Organizing a neighborhood watch program is a simple and effective way to keep your community safe. Consider the following benefits.
1. Fight Crime for a Safer Community
The most obvious reason to organize a neighborhood watch program is to prevent crime. Groups that meet regularly and communicate efficiently are the most effective at reducing incidents. To get the most out of your group:
- Gather interested neighbors, and define a group objective.
- Work with the local police department to better understand common crimes, warning signs and best practices for action. Your group should have a law enforcement liaison to ensure all parties are working toward a shared goal.
- Hold regular meetings so residents can get to know one another and decide on upcoming program strategies.
- Tailor action plans based on the unique needs of your neighborhood. Specific activities may include, but are not limited to, organizing citizen patrols to support law enforcement officers, hosting crime prevention training, implementing a phone or email tree in case of emergency, providing victim support services and/or assessing homes or businesses for vulnerabilities.
- Establish a consistent communication channel to keep all parties informed. This could be an email listserv, newsletter, website or Facebook group.
- Assign a block captain for every 10-15 houses to gather and disseminate information between neighbors in their assigned area.
- Seek opportunities to educate residents on suspicious activity and how to alert the group or authorities appropriately.
- Publicize your program. Put up signs that warn criminals and encourage neighbors to join.
2. Create Awareness and Camaraderie
Another benefit of a neighborhood watch program and a direct result of crime prevention is a more connected community. Alert neighbors can stop crime and keep residents safe—while making the neighborhood a more welcoming environment.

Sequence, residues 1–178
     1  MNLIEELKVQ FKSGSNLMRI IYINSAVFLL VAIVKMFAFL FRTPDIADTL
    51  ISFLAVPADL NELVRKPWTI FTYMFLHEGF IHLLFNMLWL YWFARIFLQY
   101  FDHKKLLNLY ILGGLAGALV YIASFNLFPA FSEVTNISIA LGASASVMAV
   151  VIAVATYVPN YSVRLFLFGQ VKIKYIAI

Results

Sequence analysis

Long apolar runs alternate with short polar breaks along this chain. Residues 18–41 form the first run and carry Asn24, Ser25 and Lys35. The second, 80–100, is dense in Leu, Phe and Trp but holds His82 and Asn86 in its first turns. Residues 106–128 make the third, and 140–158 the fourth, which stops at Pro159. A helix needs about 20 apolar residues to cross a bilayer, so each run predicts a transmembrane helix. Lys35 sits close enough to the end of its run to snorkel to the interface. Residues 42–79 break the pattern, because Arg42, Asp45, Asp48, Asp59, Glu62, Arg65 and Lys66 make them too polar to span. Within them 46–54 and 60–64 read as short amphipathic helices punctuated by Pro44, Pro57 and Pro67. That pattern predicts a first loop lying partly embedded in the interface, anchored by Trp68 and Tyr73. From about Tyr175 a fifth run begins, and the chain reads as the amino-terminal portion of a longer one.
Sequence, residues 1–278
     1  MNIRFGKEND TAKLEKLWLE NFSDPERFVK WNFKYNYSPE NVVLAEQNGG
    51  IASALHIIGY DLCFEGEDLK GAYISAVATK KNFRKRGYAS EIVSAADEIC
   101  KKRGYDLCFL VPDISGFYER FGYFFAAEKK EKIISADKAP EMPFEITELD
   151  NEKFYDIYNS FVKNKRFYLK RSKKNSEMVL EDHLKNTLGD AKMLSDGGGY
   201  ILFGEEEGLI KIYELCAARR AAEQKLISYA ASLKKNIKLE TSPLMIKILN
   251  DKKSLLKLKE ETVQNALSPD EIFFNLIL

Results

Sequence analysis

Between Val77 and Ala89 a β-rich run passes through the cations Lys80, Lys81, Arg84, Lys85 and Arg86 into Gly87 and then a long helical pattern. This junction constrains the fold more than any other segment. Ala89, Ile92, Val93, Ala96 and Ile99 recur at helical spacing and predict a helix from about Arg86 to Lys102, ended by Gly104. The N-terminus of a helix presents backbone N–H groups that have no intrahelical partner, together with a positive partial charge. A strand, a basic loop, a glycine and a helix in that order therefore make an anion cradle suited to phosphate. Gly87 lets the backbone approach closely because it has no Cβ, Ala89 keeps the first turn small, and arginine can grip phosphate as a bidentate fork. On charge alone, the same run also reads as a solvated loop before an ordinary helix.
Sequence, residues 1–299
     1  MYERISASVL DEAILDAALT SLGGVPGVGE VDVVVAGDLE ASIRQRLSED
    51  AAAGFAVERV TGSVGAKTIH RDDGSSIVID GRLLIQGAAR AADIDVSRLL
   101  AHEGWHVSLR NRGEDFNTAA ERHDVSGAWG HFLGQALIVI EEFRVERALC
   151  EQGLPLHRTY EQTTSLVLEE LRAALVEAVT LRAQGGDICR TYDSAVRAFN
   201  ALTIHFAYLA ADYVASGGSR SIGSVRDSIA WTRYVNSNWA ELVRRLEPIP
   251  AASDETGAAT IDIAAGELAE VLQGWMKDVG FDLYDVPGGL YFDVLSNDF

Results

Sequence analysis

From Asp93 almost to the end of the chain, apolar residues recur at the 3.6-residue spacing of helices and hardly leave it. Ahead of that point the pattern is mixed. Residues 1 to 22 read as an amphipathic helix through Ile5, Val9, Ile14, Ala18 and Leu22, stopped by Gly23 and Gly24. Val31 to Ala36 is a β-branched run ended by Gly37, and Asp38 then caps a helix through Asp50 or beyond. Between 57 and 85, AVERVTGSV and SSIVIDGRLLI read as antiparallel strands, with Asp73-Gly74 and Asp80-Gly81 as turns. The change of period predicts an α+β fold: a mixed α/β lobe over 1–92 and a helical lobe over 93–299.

Here’s how you can do your part:
- Contact authorities if you see someone in trouble, or illegal, suspicious or unusual activity. Be specific in your observations.
- Learn your neighbors’ schedules. Many have jobs that require them to be away from their homes during the day. Single-home dwellings are more likely to be targeted during the day between the hours of 10:00 a.m. and 3:00 p.m. If you notice something that seems off, discuss it with your neighbor or ask questions.
- Share concerns openly with your neighbors; problem-solve together.
- If a neighbor will be out of town, offer to collect mail, mow a lawn or shovel the sidewalk while they are away.
3. Bring Light to Other Important Issues
Neighborhood watch programs can also provide an opportunity to discuss other important topics like animal control issues or vehicle safety concerns. Use your group as an avenue to collect opinions and ideas related to community concerns at large, and work as a team to solve.
Whether it’s a neighborhood beautification project or winter emergency planning, the possibilities for your group to support one another are endless.
Do you have a neighborhood watch program? Share strategies or useful tips in the comment section below.